After First Time In by Ivor Gurney 1890 – 1937
You should have heard
those four Welsh lads from the valleys
singing in the trenches:
David of the White Rock, the Slumber song.
All pals together.
You should have seen them
welcome me with food, candles,
kindness; sharing parcels from home.
Me trembling at the newness of it all
listening to the colony of pit-boys
in sandbag ditches, their voices
breaking my heart; novice colliers
who’d swapped coal dust for mud.
That first evening, I held their faces
lit by the glow of soft light,
watched them mouth Welsh lullabies
under the sound of the guns;
words learnt in their cradles.
Sleep my child and peace attend thee
All through the night.
Guardian angels God will send thee,
All through the night.
Nothing could blot out
my beautiful entry to that sacred trench,
nor take away that moment of hope.
I carried it with me all through the war.
Ivor Gurney – Poet and Musician 1890 – 1937
By Contributor Denise Bennett
The inspiration for my poem ‘Welcome’ came after reading Ivor Gurney’s World War 1, poem First Time In. In his poem he describes the kindness he received from a welsh colony of singers in the first trench he entered. He tells how they shared their rations and sang their beautiful native songs even when under gunfire. I wanted to echo the generosity of the men who didn’t brutalise him, as he had feared might happen, but made him welcome. Gurney was particularly moved by their singing, even in the face of great danger.
Ivor Gurney was born in 1890 in Gloucestershire and was a musician and poet. When he was twenty-one, he was awarded a scholarship to the Royal School of Music, but his studies were interrupted by the Great War. He tried twice to enlist, the first time being turned down due to his poor eyesight. However, on the second occasion he was accepted and saw action in Ypres, The Somme, Paschendale and Arras. He was shot in the arm at the Battle of the Somme and 1917 he was gassed which ended his war career. He returned to the Royal School of music to continue with his studies alongside Ralph Vaughan Williams. Here he met Marion Scott who was to be a great friend to him particularly during his confinement at the Dartford Asylum.
Although they never met, Gurney had long admired the work of Edward Thomas and began setting some of his poems to music in 1918. He was greatly interested in the Dymock Poets which included Wilfred Gibson, Rupert Brooke, Lascelles Abercrombie, Robert Frost, John Drinkwater and Edward Thomas. The poets had set up home in Dymock a village a few miles from the market town of Ledbury, Gloucestershire, a landscape familiar to him, between the years of 1911 – 1914. In 1916 Ivor Gurney wandered the paths the poets had taken while living in this district and came across Catherine Abercrombie playing with her two young children and asked the way to Abercrombie’s home. By then the poets had disbursed. Abercrombie was preparing to leave and Brooke was dead. However, for the rest of his life he continued to be interested in the route the poets had walked in this area.
Ivor Gurney’s mental health had always been fragile and at Lord Derby Military hospital his was diagnosed with shell shock. In 1922 he was certified and admitted to Barnwood House, a mental institution just outside Gloucester and later transferred to the City of London mental hospital at Dartford in Kent, where he remained until the end of his life in 1937. It was here that Helen Thomas, Edward Thomas’s widow, visited him. She had been invited to do so by Marion Scott, Gurney’s friend from the Royal School of Music who believed that her presence could help him.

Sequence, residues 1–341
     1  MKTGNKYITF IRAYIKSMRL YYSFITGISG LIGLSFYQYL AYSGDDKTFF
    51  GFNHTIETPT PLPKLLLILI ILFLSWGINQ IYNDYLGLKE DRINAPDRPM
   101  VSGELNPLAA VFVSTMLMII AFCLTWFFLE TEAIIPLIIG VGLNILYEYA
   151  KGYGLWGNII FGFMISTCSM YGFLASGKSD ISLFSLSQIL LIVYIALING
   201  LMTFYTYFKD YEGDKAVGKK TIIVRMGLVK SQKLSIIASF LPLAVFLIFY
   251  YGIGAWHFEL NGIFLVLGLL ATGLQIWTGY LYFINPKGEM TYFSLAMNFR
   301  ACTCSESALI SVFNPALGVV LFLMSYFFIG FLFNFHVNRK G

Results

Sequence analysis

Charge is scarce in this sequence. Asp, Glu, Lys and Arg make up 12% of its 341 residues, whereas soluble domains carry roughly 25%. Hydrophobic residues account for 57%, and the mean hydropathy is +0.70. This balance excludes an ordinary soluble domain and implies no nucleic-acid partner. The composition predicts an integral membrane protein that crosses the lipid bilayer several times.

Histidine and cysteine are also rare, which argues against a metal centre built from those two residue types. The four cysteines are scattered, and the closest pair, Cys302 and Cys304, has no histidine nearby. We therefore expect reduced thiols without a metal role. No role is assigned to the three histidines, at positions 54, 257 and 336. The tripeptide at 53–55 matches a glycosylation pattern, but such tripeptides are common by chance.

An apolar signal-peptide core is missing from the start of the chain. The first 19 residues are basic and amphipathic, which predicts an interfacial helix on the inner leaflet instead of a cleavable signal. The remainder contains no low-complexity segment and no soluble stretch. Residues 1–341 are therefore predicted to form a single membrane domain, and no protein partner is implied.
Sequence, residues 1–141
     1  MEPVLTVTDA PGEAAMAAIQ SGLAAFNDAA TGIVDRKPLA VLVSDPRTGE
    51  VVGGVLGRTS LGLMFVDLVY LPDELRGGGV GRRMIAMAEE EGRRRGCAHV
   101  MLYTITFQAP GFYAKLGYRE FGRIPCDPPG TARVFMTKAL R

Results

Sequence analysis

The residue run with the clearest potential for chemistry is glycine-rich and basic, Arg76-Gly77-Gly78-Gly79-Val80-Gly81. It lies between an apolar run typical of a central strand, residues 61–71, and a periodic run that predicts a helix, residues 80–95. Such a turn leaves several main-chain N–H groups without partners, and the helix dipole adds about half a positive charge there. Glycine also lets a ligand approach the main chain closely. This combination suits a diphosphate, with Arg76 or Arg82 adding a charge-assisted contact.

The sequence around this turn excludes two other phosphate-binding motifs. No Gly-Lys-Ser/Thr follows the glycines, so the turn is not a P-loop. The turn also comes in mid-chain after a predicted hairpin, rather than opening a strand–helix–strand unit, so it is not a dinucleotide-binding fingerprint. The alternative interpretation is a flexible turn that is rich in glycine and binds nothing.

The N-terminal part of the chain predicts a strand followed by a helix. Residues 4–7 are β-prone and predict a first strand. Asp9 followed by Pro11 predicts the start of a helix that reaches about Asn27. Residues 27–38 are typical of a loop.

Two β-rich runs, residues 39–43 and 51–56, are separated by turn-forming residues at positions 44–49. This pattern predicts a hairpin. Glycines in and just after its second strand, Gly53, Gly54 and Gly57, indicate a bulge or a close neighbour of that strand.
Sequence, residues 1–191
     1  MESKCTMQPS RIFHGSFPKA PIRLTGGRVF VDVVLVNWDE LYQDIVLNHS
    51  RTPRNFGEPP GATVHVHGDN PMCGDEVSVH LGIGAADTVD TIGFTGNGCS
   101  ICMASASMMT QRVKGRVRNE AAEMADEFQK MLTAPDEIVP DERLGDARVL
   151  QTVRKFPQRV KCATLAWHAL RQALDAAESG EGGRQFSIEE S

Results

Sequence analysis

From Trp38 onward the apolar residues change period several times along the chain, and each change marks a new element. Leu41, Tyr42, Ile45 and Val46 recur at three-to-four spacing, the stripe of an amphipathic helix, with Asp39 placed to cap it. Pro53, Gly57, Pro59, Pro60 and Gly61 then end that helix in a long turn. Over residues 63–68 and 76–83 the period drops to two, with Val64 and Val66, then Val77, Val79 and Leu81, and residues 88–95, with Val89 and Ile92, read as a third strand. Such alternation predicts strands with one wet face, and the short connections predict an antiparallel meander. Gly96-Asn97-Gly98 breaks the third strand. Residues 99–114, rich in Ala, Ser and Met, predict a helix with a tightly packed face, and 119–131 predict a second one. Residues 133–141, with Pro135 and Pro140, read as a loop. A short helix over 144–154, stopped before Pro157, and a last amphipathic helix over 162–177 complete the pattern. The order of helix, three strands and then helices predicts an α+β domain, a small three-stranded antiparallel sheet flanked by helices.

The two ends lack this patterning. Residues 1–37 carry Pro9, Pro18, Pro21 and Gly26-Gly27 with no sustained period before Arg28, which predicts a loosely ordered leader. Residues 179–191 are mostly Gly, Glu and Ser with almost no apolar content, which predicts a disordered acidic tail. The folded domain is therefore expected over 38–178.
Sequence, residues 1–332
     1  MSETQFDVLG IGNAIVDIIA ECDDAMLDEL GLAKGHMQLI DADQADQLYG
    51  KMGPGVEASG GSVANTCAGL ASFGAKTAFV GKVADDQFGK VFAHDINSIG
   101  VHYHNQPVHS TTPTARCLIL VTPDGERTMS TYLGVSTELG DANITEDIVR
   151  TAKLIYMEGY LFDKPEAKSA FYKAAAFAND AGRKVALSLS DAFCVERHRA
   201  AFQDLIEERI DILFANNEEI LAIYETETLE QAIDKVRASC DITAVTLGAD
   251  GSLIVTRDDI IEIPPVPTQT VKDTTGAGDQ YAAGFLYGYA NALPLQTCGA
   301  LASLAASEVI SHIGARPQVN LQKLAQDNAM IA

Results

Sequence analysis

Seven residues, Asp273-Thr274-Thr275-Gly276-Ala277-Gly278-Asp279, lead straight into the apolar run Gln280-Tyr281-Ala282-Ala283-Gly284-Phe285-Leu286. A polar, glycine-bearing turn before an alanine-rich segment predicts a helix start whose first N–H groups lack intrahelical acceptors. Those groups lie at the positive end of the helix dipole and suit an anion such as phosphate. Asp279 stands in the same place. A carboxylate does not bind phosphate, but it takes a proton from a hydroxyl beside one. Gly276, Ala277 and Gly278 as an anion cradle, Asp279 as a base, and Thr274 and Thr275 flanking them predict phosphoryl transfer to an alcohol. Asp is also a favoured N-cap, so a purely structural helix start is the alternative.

In Time and Again – Memoirs and Letters of Helen Thomas edited by her daughter Myfanwy, Helen says:
I think it was about 1932 that I had a letter from a woman whose name was strange to me. She was Marion Scott…. and was the champion and friend of a young musical genius named Ivor Gurney. This young man had lost his reason in the war and was in a lunatic asylum. He passionately loved my husband’s work and was deeply interested in anything to do with him.(1)
When Helen first visited Ivor Gurney he said – ‘You are Helen, Edward’s wife and Edward is dead.’ And I said, ‘Yes, let us talk of him.’ They spoke about the countryside which both Edward and Ivor had loved, particularly that of Gloucestershire. On subsequent visits Helen took Edward’s well-worn ordnance survey maps of the places he had walked. This seemed to cheer Ivor who spread them out on his bed so that they could pour over them, tracing with their fingers the paths and byways over which Edward had walked. He knew the lanes and fields so well. Helen knew that she had hit on an idea that gave him more pleasure than anything else. For both Helen and Ivor, her visits brought Edward back to life; they each found happiness through the maps – and in remembering the countryside that Edward had loved so much.
Denise has kindly contributed two poems to the England Remembered Book; ‘Edith Silvester’ and ‘Letter to…’.
Read her poem Edith Silvester and insights into her work followed by a further post with the the second part of the Interview with Denise Bennett.
Header image © Jacky Dillon (Lilys on Pond at Hinton Ampner NT )
(1) Thomas, Myfanwy, Ed., Time & again: Memoirs and letters, Carcanet New Press, Manchester (1978).
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